“There resides in everyone the spirit of adventure, that small flame that inspires life’s quest. All that is required is the kindling and then it will burn brightly. The first sips of freedom’s heavy brew are intoxicating and will pull you ever onwards, as it has me. Drink freely of it and you will not be disappointed. May fair winds fill your sails and the lee shore never find you”

Capt. R. L. Boudreau

May 12th 1998

This is the original schooner that Irving Johnson sailed around the world, not the second vessel of the same name that was wrecked on Raratonga. The names “Yankee” and Irving Johnson are synonymous with traditional deep sea sailing and adventure under sail.

The rights/ownership of her hull, which presently rests in about 6 feet of water, belongs to the Boudreau family, the last registered owners of the famed schooner.

Please contact us for details.

Capt Lou Boudreau

902 279 0307



Artist’s Rendition of the New Schooner

The schooner Yankee will be built in a seaport town where vessels of this type have been built before. We anticipate the project to attract a huge amount of media interest.

Design plans to be reproduced as close to the original as possible. The interior arrangements will provide accommodation for 10-12 passengers in 5-6 comfortable well-decorated cabins. Power will be diesel giving positive cruising of 10 knots. Canvas will be Duradon. Ship will conform to SOLAS international safety requirements.


Basic Specifications

  • 92 feet OD
  • 21 beam
  • 11 feet draft
  • Teak or Iroko decks & cabin trim
  • Traditional gaff & rig Sitka spruce spars
  • Duradon or Dacron sails
  • Plow steel standing rigging
  • Galvanised turnbuckles
  • Single/twin diesel giving 9-10 knots cruise
  • 2 gen. sets
  • Water maker
  • Hull TBA
  • Box keel with inside ballast or outside lead shoe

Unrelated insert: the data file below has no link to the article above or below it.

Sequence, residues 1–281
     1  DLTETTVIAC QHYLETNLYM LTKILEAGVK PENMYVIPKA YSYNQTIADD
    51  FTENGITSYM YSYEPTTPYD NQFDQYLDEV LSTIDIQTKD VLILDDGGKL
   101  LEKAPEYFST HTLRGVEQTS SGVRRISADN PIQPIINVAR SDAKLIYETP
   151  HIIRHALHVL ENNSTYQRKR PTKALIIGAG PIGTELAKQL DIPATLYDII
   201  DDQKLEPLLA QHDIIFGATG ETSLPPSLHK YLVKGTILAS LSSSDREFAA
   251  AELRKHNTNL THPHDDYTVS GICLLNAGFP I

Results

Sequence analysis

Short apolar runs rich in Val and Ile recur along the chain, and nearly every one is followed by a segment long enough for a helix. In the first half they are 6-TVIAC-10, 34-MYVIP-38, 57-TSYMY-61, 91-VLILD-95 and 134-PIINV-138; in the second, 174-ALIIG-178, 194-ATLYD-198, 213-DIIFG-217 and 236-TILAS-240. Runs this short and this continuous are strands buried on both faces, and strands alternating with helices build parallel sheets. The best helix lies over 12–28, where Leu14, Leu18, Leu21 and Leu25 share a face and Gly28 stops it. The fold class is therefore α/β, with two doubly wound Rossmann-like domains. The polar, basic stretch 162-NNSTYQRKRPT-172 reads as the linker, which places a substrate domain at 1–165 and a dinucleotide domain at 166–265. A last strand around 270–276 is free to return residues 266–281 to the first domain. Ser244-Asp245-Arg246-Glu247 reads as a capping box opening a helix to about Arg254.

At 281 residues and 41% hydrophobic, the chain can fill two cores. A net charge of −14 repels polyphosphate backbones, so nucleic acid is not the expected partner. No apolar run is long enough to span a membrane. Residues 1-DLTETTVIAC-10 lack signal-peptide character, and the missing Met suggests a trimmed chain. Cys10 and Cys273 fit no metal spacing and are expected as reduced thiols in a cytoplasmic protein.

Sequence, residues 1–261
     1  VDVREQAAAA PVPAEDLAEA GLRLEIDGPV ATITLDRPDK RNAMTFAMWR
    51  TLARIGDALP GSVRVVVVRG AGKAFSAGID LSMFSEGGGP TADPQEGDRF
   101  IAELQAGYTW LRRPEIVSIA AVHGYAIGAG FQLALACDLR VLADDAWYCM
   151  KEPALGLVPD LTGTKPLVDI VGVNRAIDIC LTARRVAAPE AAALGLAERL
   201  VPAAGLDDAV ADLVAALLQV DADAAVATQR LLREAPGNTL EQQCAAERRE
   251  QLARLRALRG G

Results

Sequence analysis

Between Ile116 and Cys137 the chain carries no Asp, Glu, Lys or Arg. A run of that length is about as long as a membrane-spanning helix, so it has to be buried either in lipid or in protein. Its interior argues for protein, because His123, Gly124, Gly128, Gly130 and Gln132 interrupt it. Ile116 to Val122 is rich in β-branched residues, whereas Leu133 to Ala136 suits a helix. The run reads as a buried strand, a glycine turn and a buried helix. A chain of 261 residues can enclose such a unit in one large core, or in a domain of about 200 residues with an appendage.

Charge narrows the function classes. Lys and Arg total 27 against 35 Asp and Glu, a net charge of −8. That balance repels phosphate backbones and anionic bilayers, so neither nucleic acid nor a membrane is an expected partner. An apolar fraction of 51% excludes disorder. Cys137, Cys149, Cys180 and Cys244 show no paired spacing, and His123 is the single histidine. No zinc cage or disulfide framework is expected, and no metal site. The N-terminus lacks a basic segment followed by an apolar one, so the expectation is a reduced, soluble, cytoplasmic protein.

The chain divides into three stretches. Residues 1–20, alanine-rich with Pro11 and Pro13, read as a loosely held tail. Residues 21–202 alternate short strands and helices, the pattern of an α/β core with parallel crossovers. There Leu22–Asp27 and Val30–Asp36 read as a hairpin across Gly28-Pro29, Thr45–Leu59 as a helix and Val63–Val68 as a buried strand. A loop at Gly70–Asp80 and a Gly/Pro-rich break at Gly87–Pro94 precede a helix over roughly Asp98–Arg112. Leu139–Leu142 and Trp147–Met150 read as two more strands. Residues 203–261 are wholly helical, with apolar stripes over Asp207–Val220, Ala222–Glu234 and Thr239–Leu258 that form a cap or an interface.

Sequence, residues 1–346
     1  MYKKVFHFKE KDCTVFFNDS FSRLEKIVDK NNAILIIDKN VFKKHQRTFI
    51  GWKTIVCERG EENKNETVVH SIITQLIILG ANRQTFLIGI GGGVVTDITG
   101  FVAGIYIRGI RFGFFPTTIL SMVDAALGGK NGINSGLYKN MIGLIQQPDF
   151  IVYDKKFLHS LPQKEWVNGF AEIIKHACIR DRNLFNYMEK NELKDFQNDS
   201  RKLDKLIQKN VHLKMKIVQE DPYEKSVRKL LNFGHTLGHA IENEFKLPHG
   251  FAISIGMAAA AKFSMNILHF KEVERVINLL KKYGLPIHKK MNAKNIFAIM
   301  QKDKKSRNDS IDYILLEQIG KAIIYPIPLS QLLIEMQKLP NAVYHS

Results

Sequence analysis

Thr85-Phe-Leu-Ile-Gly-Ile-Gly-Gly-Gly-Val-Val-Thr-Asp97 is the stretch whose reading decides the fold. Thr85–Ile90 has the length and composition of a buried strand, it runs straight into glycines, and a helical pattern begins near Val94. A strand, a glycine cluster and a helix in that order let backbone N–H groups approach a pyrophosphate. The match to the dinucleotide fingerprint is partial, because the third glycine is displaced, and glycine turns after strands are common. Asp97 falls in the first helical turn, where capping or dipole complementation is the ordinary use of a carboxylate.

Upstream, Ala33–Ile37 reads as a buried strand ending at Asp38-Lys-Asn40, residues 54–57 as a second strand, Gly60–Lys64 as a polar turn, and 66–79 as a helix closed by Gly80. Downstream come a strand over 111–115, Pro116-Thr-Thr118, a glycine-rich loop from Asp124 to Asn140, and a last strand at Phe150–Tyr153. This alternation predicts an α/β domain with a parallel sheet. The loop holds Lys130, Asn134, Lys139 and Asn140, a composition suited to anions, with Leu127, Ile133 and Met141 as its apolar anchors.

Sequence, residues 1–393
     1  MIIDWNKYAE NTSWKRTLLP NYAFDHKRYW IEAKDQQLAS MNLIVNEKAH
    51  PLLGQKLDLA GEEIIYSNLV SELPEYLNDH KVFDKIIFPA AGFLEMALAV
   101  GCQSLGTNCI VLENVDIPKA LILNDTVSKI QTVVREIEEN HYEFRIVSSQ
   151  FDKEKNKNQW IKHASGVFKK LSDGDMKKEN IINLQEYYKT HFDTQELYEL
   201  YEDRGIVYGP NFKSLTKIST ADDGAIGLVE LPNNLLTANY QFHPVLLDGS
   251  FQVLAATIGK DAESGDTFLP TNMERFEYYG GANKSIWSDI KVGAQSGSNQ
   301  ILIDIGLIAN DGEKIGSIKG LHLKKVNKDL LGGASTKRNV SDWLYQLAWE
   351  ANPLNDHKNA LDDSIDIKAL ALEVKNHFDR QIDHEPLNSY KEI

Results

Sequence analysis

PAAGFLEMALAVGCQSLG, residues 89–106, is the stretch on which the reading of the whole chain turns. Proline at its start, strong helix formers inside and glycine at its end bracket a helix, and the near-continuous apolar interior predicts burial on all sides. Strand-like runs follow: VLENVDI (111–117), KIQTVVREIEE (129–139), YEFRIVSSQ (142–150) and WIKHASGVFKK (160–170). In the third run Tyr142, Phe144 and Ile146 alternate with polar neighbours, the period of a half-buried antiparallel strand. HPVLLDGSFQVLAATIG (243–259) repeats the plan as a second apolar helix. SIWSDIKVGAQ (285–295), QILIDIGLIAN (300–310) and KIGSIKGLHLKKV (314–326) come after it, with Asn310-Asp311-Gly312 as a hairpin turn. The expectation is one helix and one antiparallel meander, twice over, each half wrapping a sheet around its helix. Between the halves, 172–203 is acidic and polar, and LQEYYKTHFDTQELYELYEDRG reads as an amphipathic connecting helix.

• Clipper bow and elliptical stern
  • Rub rail at deck level
  • Custom SS holding plate referring.
  • Holding tank sewage.
  • Air conditioning/ducted air.
  • Traditional catted Fisherman anchors and ground tackle.
  • Steel gallows frame
  • Hardwood belaying pins on all rails.

Logistics and schedule of the project

Divers will scope the wreck and take some parts to incorporate into the new schooner. They will also confirm her basic measurements.

  1. Present project & secure financing.
  2. Final assessment of cost and logistics of project.
  3. Select & start design
  4. Interview & select building site and contractor.
  5. Begin design work.
  6. Begin construction
  7. Project managers monitor construction.
  8. Company begins promotions & begin taking bookings.
  9. Insurance graduated beginning at first values
  10. Interviewing of crew
  11. Final acceptance of vessel and sea trials.
  12. Passengers board for 1st voyage.

Project time: 16–18 months.

Design plans to be reproduced as close to the original as possible. Timber & parts of the original ship will be incorporated into the hull of the restored ship. The interior arrangements will provide accommodation for 12 passengers/cadets in comfortable well appointed cabins. This can be increased to 14 slightly smaller ones or alternately a small deckhouse aft of the foremast for the cadets. Power will be diesel giving positive cruising of 9-10 knots.

Showing Main Hatch & Deck.

Showing Main Hatch & Deck.

The Schooner “Yankee”

The Schooner Yankee project